she said, describing how she began hanging out with and half, said Rosenthal, who is both herself.
Rosenthal deliberately focused on younger people,
her subjects, often for days at a time.
mostly in their 20s and 30s, and she set another rule
"I went into a Druze girl's bedroom and she had
for herself.
Brad Pitt posters on the wall, even though she had a
"There are no famous people or politicians; I tried
scarf on her head and can't date," Rosenthal recalled.
avoid them. Basically, [those in the book] are peo-
"In a haredi
ple you would never see on Ni ghtline or Meet the
house, the father wouldn't look at me, but I looked
in his son's room, and we surfed the Internet togeth-
In doing her research, Rosenthal learned that even
er. I also spent a lot of time in a maternity ward,
often know nothing about one another. She
where I saw the future of Jerusalem."
Spending time with her subjects as they went
don't even know that the most afflu-
about their daily lives, as opposed to simply inter-
ent people per capita in Israel are the Arab
viewing them and then leaving, gave her deeper
Christians," she said.

Jewish News Weekly ofNorthern California




Many never cross paths with those of different
faiths, cultures or levels of observance. A secular
friend of Rosenthal's had never met the Orthodox
wig designer who lives around the corner from her.
"It's very rare for a Muslim to have been to the
home of the most liberal left-wing Jewish family,
and yet they're living five minutes apart," she said.
"So the book was written to smash stereotypes and
have people tell their own stories."
Though a seasoned journalist, Rosenthal was writ-
ing under difficult circumstances. When she
embarked on the project, Israel's high-tech sector
was booming, its economy was in good shape and
tourists were coming.
Of course in September 2000, with the start of
the second intifada, everything changed; including
people's views.
"I had to rewrite large sections or trash them," she
said. "Writing about Israel is like Alice in
And since Israel was her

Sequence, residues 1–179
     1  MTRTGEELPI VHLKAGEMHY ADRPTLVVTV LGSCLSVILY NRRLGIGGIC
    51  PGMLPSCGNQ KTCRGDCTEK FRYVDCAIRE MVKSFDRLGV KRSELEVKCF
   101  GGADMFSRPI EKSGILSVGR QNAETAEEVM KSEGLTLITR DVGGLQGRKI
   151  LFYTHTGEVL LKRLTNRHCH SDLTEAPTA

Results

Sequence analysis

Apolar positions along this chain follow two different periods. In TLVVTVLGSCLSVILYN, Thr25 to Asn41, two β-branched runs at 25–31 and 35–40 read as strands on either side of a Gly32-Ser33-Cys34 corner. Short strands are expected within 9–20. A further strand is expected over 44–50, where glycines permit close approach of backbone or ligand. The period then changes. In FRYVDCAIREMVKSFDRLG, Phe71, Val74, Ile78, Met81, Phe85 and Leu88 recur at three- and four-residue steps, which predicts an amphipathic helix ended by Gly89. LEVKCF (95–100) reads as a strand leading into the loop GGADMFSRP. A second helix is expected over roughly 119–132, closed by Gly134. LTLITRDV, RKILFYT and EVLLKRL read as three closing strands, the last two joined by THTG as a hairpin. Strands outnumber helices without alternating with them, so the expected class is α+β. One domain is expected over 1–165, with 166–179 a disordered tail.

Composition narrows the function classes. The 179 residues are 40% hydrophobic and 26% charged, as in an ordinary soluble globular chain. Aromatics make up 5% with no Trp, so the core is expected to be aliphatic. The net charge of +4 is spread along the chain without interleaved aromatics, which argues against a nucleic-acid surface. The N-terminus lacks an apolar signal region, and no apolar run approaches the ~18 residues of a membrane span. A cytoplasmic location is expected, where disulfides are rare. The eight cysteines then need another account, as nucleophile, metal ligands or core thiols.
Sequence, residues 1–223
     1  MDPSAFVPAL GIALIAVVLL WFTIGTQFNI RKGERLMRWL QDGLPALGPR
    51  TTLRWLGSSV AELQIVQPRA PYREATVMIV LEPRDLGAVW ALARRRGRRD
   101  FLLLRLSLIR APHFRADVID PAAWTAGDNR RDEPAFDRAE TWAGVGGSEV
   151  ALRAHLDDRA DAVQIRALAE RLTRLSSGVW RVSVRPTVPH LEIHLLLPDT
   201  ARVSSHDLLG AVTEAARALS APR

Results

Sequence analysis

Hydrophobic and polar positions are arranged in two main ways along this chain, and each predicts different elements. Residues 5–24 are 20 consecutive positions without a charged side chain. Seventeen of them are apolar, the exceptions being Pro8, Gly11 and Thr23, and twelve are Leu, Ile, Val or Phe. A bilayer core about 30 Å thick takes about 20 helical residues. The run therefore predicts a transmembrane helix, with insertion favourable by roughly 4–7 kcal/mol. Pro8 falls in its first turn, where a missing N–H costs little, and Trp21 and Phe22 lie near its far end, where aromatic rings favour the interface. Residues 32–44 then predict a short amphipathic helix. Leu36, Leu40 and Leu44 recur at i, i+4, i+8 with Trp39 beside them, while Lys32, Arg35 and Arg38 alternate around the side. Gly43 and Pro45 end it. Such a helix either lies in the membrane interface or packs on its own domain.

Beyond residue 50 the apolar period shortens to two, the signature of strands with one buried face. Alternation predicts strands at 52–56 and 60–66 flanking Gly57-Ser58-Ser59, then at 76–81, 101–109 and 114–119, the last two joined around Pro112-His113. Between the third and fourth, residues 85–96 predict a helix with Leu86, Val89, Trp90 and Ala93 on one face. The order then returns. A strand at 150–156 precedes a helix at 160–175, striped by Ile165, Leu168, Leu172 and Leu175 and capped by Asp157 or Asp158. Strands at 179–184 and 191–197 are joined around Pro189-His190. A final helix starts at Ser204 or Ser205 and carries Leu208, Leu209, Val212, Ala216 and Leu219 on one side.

home, too, she was greatly
impacted personally. Not
only was she living in
downtown Jerusalem, in a
neighborhood where 11
bombs had gone off within
a three-block radius, but a
close friend was killed in a
bus bombing.
"It would be a lot easier
to write a book about
Iceland," she admitted. "I
tried to keep myself out of
it and was walking on
eggshells to keep it bal-
But even then, she would
encounter problems, she
said. An interview with a
young haredi man sheds
light on his experience, she
said, but there are maybe
20 different sects of fervent-
ly religious Jews. And while
an interview with a young
woman of Moroccan
descent can be telling, she
noted, "there is a hell of a
difference between being a
poor Moroccan and an educated Moroccan."
Rosenthal was sure to give fair coverage to Israel's
non-Jewish population, specifically its Arab popula-
tion. So many Jewish Israelis do not trust their Arab
neighbors, she said, not realizing they have much
more in common than they might think.
"I have a Muslim friend who wears a tight
miniskirt," she said. "People don't realize [there are
secular Muslims who] go to discos a lot and never
go to the mosque."
And Rosenthal described the strange line Israeli
Arabs walk.
"We have much more in common culturally than
we would imagine," she said, while commenting
that Arabs have learned brusqueness from Israeli
"So many Muslims in high-tech are sent to Jordan